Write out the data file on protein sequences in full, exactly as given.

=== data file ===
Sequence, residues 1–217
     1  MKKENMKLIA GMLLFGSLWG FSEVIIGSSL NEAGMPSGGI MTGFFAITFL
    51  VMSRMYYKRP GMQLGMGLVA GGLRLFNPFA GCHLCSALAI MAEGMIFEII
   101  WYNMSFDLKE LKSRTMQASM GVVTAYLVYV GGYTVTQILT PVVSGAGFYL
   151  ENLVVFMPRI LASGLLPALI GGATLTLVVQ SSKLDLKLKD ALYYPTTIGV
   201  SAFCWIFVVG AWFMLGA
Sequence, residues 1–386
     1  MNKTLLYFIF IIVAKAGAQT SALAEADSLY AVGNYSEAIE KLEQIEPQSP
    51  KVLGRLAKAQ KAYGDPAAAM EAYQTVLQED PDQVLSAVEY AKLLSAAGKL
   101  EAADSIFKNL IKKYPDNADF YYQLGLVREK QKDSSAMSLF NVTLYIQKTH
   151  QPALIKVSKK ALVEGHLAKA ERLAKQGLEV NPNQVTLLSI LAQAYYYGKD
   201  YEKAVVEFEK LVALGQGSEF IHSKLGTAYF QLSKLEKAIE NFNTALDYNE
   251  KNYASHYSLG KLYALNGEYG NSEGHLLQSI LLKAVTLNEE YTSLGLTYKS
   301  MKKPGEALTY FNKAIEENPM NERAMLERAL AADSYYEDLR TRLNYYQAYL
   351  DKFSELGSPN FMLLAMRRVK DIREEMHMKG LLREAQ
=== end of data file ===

Sequence, residues 1–217
     1  MKKENMKLIA GMLLFGSLWG FSEVIIGSSL NEAGMPSGGI MTGFFAITFL
    51  VMSRMYYKRP GMQLGMGLVA GGLRLFNPFA GCHLCSALAI MAEGMIFEII
   101  WYNMSFDLKE LKSRTMQASM GVVTAYLVYV GGYTVTQILT PVVSGAGFYL
   151  ENLVVFMPRI LASGLLPALI GGATLTLVVQ SSKLDLKLKD ALYYPTTIGV
   201  SAFCWIFVVG AWFMLGA
Sequence, residues 1–386
     1  MNKTLLYFIF IIVAKAGAQT SALAEADSLY AVGNYSEAIE KLEQIEPQSP
    51  KVLGRLAKAQ KAYGDPAAAM EAYQTVLQED PDQVLSAVEY AKLLSAAGKL
   101  EAADSIFKNL IKKYPDNADF YYQLGLVREK QKDSSAMSLF NVTLYIQKTH
   151  QPALIKVSKK ALVEGHLAKA ERLAKQGLEV NPNQVTLLSI LAQAYYYGKD
   201  YEKAVVEFEK LVALGQGSEF IHSKLGTAYF QLSKLEKAIE NFNTALDYNE
   251  KNYASHYSLG KLYALNGEYG NSEGHLLQSI LLKAVTLNEE YTSLGLTYKS
   301  MKKPGEALTY FNKAIEENPM NERAMLERAL AADSYYEDLR TRLNYYQAYL
   351  DKFSELGSPN FMLLAMRRVK DIREEMHMKG LLREAQ